Well, that was some kind of week. Awards and a controversy. Honestly, it was too much for me to take in, much less write about. Plus I didn’t know what to think, and in a way, I still don’t.
Everyone can agree that what Bloomsbury did with the Magic Under Glass cover was a big bowl of wrong. I mean, didn’t we just have this conversation with the same publisher? It’s maddening, if not insulting, for them to ignore the whole issue again. And it’s appropriate that they’ve at least acknowledged the error by changing the cover of the book.
Except, I don’t feel good. I guess I feel a little pleased that bloggers can affect change in the publishing industry, but mostly I don’t feel good.
In fact, I feel bad for the author who poured her heart into her first book, chose to feature a woman of color as the main character, and then found her book in the middle of a fight. And now her book’s release will be delayed as Bloomsbury tries to do the right thing by the cover. It’s not the author’s fault, but she has to suffer the consequences.
I don’t feel good that book bloggers were tossed in the mix of blame for not noticing or reporting on the cover earlier. That argument assumes that (a) lots of bloggers get early copies, (b) the bloggers actually read that book of all the books they get, (c) in reading that book they notice the cover, and (d) they feel like reviewing the book. Book bloggers we’re all on the same team here.
I certainly don’t feel good that this is the only approach we can take to make publishers put diverse characters on the book covers. We have to catch them and make them do the right thing? That’s not a well-working strategy for any of us.
I don’t feel good that we spent the week on this issue even if we had to spend the week on this issue instead of getting to sit back and enjoy the ALA Youth Media Awards. This was their week. But instead of discussions, we got quick lists of winners and then we were back to the controversy.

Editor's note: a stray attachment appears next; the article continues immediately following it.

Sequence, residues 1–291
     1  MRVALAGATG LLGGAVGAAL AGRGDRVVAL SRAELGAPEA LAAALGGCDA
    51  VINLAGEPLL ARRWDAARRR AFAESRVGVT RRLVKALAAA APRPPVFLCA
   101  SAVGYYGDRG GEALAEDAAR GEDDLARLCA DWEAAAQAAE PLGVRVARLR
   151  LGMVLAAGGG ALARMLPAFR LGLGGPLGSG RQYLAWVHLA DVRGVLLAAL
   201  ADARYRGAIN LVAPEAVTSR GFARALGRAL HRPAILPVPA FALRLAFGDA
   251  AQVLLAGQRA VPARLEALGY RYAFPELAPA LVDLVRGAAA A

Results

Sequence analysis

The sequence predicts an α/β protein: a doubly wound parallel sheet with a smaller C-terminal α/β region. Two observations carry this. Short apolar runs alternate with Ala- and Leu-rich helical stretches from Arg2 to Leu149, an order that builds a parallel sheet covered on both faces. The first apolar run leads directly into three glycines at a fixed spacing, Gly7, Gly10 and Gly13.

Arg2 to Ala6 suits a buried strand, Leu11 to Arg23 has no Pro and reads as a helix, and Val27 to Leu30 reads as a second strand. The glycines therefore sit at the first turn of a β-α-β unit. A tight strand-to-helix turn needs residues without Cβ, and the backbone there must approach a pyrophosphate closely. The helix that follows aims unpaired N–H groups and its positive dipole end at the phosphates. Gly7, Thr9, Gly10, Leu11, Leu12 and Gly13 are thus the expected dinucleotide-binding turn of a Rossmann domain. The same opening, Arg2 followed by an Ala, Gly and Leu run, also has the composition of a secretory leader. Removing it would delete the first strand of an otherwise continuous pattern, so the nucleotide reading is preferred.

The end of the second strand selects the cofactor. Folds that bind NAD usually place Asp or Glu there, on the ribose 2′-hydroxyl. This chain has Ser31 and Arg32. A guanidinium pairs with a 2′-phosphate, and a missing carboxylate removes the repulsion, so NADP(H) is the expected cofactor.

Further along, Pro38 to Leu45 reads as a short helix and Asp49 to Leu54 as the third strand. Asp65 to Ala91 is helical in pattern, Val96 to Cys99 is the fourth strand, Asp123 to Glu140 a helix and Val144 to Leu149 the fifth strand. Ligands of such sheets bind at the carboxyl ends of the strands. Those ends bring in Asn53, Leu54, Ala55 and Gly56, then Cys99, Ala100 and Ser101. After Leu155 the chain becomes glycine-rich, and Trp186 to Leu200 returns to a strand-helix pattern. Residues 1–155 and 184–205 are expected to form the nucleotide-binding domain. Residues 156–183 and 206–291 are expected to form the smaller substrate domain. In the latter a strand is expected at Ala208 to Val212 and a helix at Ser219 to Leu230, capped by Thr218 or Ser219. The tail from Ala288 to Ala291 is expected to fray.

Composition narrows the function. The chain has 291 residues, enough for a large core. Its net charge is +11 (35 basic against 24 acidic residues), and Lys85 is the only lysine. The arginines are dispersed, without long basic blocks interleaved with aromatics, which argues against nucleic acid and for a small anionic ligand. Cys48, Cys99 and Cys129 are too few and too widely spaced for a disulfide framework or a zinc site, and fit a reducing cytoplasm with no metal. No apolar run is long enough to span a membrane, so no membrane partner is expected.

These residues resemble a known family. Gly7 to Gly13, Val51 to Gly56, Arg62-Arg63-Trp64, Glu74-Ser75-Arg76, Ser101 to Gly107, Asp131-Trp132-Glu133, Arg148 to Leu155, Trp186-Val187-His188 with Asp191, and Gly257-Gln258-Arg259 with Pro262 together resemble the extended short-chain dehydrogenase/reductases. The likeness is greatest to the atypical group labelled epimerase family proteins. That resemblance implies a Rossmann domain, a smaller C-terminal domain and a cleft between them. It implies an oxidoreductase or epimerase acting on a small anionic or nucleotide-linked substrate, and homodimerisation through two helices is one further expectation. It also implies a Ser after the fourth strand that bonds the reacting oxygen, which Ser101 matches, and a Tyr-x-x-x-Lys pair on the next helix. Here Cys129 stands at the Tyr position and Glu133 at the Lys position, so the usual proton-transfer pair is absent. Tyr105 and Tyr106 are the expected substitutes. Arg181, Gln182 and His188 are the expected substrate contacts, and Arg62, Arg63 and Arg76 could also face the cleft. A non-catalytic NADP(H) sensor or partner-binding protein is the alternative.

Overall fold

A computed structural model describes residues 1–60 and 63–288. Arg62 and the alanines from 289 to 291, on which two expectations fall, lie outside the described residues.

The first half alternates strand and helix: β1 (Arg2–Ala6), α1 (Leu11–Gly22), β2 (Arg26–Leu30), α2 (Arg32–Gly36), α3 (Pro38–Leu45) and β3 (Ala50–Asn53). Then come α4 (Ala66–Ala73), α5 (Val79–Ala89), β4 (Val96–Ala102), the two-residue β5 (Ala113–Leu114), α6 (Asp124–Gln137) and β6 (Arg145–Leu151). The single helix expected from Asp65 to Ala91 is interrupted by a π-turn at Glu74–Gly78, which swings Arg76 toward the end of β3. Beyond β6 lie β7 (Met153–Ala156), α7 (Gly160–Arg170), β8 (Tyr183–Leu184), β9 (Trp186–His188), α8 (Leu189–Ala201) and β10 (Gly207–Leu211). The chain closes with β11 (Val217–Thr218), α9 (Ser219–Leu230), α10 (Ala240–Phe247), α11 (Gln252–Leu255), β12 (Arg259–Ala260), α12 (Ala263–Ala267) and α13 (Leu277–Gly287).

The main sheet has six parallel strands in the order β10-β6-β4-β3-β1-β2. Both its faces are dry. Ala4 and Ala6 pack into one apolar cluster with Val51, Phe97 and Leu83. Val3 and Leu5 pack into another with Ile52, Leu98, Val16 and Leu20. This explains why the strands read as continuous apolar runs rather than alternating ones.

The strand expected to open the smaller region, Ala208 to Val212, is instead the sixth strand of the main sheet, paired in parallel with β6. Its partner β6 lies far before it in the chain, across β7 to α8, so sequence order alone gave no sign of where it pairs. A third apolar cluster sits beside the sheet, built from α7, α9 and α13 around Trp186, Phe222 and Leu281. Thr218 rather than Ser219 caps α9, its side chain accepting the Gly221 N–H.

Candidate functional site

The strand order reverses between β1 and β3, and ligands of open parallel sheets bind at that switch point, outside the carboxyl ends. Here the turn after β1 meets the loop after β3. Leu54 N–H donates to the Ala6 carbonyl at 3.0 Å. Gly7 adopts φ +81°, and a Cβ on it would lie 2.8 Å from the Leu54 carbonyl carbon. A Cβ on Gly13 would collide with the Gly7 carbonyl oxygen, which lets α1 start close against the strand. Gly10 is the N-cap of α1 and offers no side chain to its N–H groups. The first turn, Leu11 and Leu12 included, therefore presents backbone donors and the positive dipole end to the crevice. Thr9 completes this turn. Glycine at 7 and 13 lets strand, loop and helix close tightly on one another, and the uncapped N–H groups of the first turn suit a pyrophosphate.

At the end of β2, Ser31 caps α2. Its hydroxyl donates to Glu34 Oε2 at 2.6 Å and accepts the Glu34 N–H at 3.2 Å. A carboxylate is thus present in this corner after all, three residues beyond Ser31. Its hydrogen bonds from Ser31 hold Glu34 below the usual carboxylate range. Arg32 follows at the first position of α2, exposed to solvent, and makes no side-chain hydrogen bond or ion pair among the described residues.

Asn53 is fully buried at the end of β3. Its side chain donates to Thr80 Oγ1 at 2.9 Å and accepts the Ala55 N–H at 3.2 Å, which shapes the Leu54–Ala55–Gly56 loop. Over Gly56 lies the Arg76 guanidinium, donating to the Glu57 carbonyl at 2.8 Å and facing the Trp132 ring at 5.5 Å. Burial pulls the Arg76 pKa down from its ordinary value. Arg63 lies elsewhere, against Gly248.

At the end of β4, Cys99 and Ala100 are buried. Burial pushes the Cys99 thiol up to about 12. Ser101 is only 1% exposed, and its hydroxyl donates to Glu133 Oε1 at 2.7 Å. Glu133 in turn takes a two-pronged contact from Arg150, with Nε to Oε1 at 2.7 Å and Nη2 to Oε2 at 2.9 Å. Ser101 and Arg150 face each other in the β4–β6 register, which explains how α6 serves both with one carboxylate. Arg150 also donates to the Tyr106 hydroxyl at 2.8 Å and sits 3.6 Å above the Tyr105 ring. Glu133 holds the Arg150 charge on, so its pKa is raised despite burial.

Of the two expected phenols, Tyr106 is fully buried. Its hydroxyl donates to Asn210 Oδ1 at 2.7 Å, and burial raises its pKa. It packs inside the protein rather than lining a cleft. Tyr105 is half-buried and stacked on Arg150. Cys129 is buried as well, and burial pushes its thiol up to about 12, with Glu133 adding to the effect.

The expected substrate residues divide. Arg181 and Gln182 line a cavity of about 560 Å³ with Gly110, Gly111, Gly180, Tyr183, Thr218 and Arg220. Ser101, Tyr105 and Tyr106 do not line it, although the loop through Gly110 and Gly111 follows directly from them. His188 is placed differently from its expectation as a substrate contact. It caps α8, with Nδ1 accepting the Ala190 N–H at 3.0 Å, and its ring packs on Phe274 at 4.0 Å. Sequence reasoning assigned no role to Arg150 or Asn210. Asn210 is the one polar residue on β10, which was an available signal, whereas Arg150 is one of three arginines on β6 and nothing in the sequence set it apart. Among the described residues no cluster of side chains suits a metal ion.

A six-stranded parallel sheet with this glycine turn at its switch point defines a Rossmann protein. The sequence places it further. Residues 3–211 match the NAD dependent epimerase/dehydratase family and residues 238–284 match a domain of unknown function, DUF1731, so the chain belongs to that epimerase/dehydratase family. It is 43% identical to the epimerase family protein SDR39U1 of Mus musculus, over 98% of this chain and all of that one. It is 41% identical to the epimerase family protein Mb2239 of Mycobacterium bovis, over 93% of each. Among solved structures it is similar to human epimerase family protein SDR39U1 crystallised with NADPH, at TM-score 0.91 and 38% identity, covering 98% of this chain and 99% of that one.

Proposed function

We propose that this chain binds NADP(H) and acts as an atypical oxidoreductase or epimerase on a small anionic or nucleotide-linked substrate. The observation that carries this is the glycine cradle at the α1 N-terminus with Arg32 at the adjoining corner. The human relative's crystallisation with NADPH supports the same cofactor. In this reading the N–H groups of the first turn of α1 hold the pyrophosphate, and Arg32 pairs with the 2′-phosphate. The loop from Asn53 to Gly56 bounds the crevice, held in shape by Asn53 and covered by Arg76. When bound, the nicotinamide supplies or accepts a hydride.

And in that same vein, I don’t feel good that instead of talking about books that feature people of color from the Coretta Scott King and Pura Belpré awards, we spent the week talking about how we’re not talking about books that feature people of color.
Where does that leave me? Well, in the places where I disagree on methods or strategy with Susan or Doret or Ari, I am grateful for their intensity and vulnerability, which keeps us all aware and energized. I thank Colleen for following the discussion with genuine passion, but also an intelligent focus on the issues rather than the distractions. I thought Leila did a wonderful job of breaking down the discussion and giving a viable course of action to write the publishers directly and express our concerns/dismay/outrage. And I appreciate Liz Burns’s thoughts on accountability that by putting our voices out there as book bloggers, we aren’t just making a list of books we like, but have a greater responsibility to feature diverse books.
In the end, I want to take this week with me the good and the bad feelings of it to make me a better reader, blogger, and advocate. I trust that our fantastic community of bloggers can continue the dialogue, but I also hope that we won’t have to have this exact conversation again. I’m looking at you, Bloomsbury.